Several years ago, my colleague Annie wrote a blog about coming back to work after maternity leave. I remember welcoming her back, trying to do all the right things in what I knew was a difficult transition. I hadn’t been through it yet myself, so I’m sure I muddled my way through, offering a hug or to grab lunch. A few years later, I was in the same boat. Or rather, I’m sure there was a boat, but I was drowning next to it in a sea of my own tears.
It sounds dramatic, but it felt truly impossible. In the weeks leading up to my return to work, I started scheming workarounds. Maybe I could stay home with my baby during the day and work all night. “That could be survivable and great!” thought hazy, postpartum me. It turns out that’s not a viable option for anyone, so off I went. On my first day back, I needed an actual physical push to get me out the door (thanks, Mom). And upon walking into the office, I immediately started crying. I met two new colleagues for the first time through tears. No doubt the blubbering inspired confidence in my leadership.
I asked a few friends with kids, as well as one of my sisters, if it would always be this impossible. When one said, “I promise it will get better, and you will even enjoy working and finding your new groove,” I responded with a very mature and rational “I just don’t believe you.”
It wasn’t the work itself that was a struggle; I like my work, my colleagues, and my clients, and I’m proud of what we do and energized by being a part of it. And yet—being away from my baby felt not just impossible but wrong.
Those first several weeks were defined by starts and stops. I’d be plugging away when all of a sudden I’d have to turn off my camera mid meeting or close an office door while I cried. I’d try to start again, break down again, and then sit alone in my feelings until I could be somewhat functional. A big part of my transition back to work came down to accepting that, for a little while, “somewhat functional” would have to do. As a person who is used to being highly productive, it was hard to be in that gear. I remember someone telling me that she is a better parent because she works. I kept waiting to feel that way but instead found myself overcome with worry, self-doubt, and guilt, feeling like I couldn’t keep up with both parenting and work.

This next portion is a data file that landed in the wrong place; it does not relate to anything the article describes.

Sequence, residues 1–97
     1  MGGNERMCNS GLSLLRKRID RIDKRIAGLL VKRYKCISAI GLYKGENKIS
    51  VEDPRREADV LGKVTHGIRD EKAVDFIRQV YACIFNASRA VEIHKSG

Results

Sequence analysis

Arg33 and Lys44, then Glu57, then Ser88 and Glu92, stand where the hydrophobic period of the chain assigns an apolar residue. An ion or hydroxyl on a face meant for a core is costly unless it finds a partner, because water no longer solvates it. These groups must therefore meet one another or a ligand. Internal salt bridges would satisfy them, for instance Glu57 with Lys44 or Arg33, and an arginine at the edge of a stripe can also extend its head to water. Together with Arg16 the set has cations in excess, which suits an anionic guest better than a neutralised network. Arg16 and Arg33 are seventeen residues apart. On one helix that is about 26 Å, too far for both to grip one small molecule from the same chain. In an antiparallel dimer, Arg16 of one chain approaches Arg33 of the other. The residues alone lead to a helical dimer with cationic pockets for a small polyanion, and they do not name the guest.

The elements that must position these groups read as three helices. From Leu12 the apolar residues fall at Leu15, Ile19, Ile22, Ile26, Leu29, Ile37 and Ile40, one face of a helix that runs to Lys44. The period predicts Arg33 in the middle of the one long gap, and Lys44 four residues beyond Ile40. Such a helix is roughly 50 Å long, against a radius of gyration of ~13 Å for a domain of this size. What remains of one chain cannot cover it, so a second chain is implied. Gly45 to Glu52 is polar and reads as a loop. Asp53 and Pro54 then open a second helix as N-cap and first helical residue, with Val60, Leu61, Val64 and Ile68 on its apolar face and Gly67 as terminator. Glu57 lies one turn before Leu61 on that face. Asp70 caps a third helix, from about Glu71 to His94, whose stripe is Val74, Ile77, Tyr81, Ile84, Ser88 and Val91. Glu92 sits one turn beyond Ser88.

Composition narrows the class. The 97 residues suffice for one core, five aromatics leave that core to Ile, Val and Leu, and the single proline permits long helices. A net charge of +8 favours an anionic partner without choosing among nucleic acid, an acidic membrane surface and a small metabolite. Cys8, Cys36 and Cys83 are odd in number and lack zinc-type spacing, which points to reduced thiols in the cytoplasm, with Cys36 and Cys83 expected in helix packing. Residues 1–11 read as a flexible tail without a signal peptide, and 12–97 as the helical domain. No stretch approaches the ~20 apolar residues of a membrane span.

Then very slowly, over time, I started to find my new groove. Some days go really well: I’ll squeeze in a ten-minute workout in the morning, make an appointment with the pediatrician on my way to work, have an especially productive or energizing day with colleagues and clients, play at the park with my little one on our way home, enjoy dinner as a family, and crank out a few more things after he’s asleep. These are days when I remind myself I can do it—and feel good about it, too.
Of course, these days are balanced by ones that do not go as well: days when my toddler cries out for me, arms outstretched, as my husband takes him to school, after which I slump on the floor crying and wondering what I’m doing with my life; days when I’m distracted by thoughts about if he’s eating well enough or whether I responded the right way to his tantrum. And on the other side are the days I’m thinking about work instead of being fully engaged in what feels like our already limited time together during the week—cuing guilt and anguish about my priorities.
But this is all part of the new groove: accepting that some days are better than others and that everything is in flux. And as my child grows and changes, learns new skills, develops preferences, desires independence—the whole “growing up” thing—some things get easier while some get harder. And this will, I know, go on for…well, ever. Those distractions will take new shape, become more emotionally draining.
Change is the constant. And managing change, adapting as best I can in any given moment, has helped me both at work and at home. With more change ahead as our family expands this summer, we’ll figure it all out again. And again, and again. But I know it can be done. What once felt impossible became, over time, possible then manageable then—believe it!—rewarding. Most of the time.
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